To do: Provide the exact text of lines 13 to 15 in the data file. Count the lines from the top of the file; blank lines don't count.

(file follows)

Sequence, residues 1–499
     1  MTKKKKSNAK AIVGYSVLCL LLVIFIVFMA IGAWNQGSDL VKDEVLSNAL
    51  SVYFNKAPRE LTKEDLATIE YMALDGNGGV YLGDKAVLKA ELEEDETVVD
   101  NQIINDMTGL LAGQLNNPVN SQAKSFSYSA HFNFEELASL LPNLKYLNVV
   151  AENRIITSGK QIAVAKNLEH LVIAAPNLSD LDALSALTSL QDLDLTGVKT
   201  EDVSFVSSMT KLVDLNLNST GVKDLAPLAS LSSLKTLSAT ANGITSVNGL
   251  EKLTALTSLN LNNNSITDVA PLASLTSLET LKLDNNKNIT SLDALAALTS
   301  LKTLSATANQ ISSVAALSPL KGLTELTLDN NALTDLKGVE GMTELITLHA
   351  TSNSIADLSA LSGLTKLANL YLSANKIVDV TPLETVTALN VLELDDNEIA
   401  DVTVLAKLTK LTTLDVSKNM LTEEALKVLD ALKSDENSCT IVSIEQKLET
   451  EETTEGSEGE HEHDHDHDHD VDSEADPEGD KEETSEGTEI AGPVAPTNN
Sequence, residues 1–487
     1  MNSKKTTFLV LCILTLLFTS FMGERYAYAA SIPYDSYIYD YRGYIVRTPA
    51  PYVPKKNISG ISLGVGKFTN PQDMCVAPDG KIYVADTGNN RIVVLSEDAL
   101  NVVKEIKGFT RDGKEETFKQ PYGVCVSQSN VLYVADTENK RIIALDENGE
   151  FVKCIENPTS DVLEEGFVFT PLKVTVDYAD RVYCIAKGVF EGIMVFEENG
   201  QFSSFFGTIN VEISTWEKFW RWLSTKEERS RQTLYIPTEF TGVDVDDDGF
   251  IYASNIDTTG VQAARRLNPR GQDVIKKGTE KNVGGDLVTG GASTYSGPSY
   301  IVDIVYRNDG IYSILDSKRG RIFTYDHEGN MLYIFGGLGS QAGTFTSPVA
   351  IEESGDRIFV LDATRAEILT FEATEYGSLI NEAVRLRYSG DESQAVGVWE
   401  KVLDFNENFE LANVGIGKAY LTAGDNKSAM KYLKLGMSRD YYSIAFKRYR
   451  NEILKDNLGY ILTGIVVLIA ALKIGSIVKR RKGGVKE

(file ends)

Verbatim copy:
     1  MNSKKTTFLV LCILTLLFTS FMGERYAYAA SIPYDSYIYD YRGYIVRTPA
    51  PYVPKKNISG ISLGVGKFTN PQDMCVAPDG KIYVADTGNN RIVVLSEDAL
   101  NVVKEIKGFT RDGKEETFKQ PYGVCVSQSN VLYVADTENK RIIALDENGE